To start the week, I asked you what you would like to see in Obama’s State of the Union address, offering my preference that he emphasize the values that unite us. Tuesday, we asked if the address would be historic, and examined a few past addresses that were. The day after the address, we noted the emotional climax of his address—gun control. And, we discussed Obama’s proposal to raise the minimum wage. Today, we compare the president’s priorities with our own.
What are Americans worried about? Gallup routinely surveys Americans to elicit views of the “most important problem” the nation faces. In a survey a few days before the speech, the top two problems were “the economy in general” and “unemployment/jobs.”
The next four problems, in order, were unhappiness with the government and its leaders, the federal budget and deficit, healthcare issues, and guns and gun control.
How does this compare with Obama’s priorities in the State of the Union? Gallup analysts scoured his remarks, identifying 27 specific issues, each of which received at least one paragraph in the address. The percentage of the speech that pertained to an issue gives a rough estimate of where it ranks in the president’s priorities.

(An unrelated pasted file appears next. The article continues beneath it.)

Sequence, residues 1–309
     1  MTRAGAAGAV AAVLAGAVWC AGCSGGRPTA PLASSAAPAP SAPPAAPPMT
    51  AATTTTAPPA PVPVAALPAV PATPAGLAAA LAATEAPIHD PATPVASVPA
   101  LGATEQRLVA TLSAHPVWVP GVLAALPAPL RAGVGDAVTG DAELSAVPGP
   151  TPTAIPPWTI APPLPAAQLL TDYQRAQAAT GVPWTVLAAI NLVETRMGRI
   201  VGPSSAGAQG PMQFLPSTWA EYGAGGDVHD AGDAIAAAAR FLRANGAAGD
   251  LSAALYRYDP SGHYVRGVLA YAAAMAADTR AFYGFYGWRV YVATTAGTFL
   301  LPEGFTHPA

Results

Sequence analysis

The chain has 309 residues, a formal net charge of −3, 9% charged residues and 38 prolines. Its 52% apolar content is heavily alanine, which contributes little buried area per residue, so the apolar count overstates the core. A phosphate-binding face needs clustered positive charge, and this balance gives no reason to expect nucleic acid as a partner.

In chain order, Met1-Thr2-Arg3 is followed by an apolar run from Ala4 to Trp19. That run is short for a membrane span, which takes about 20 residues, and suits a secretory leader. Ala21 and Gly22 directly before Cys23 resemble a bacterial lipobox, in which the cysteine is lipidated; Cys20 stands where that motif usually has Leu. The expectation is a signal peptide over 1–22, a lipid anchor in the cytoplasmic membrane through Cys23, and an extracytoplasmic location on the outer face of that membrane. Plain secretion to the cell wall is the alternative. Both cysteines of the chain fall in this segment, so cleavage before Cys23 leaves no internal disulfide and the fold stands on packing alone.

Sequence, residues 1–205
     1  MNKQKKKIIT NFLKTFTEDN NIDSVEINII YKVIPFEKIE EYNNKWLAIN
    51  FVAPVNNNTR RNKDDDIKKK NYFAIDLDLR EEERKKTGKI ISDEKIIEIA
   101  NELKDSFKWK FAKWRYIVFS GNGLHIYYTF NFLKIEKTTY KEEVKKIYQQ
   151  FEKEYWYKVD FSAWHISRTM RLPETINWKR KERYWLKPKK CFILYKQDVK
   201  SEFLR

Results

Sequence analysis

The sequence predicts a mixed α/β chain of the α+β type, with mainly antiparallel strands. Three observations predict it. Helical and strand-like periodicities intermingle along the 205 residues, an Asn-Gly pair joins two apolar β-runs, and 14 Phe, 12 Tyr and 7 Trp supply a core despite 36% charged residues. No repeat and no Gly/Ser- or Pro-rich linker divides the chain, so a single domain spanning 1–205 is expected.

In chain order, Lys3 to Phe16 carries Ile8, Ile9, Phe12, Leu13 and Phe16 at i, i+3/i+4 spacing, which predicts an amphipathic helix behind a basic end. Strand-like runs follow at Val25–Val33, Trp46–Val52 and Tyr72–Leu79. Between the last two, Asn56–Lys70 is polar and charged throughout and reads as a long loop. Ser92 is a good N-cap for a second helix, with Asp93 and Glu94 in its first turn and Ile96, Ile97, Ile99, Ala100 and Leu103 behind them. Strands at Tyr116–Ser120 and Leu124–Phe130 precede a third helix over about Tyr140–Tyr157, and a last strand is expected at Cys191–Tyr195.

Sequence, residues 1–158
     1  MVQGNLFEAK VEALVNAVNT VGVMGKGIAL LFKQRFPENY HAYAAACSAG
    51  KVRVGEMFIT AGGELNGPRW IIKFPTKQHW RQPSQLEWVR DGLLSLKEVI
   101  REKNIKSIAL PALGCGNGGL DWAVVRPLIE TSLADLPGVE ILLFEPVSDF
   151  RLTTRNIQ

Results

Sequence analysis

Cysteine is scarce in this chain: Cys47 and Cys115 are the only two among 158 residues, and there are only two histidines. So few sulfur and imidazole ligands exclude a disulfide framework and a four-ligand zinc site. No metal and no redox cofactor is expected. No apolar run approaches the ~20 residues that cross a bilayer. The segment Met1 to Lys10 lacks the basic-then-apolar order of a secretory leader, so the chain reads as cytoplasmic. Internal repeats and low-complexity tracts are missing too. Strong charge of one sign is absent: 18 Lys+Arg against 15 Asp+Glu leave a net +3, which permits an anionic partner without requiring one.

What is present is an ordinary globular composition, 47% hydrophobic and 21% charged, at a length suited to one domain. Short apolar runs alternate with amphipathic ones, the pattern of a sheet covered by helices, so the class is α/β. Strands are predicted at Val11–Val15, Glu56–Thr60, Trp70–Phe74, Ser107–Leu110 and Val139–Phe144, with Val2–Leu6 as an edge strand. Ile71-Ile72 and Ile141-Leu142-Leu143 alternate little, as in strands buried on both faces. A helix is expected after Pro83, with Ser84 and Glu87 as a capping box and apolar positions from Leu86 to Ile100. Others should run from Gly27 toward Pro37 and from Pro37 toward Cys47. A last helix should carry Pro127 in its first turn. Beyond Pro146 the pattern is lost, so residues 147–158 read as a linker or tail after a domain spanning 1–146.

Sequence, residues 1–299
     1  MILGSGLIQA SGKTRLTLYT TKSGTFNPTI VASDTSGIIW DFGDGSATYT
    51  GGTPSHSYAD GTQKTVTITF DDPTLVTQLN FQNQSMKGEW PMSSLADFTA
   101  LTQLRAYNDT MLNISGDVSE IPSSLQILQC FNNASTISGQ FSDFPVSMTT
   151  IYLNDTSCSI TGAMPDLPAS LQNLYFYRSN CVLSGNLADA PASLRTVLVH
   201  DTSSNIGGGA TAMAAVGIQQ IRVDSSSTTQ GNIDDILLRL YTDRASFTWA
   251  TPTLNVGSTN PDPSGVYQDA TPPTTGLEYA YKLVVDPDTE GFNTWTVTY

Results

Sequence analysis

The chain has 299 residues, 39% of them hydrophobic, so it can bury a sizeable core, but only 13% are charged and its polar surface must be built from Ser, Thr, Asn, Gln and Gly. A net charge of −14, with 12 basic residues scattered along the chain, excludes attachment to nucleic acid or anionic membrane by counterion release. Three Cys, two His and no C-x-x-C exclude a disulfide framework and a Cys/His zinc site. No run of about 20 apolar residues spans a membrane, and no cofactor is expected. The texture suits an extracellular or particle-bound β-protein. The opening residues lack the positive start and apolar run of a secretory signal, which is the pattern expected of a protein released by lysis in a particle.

Obama devoted more words to economic issues than any other topic. About a quarter of Obama’s address covered these issues. This makes the president’s top concern the same as Americans’ top concern: the economy.
But priorities diverge in other areas. The Gallup analysis shows, however, that Obama gives more priority to education, energy, terrorism, and world affairs than the general public does. And, he gives less priority to healthcare, the budget, and issues with government.
Obama’s and Americans’ priorities match when it comes to gun control, military matters, and taxes.
Do you agree or disagree with Obama’s priorities for the nation?
What do you think is the most important problem we face as a nation today?
Please, leave a Comment below.
Originally published at www.OurValues.org, an experiment in civil dialogue about American values.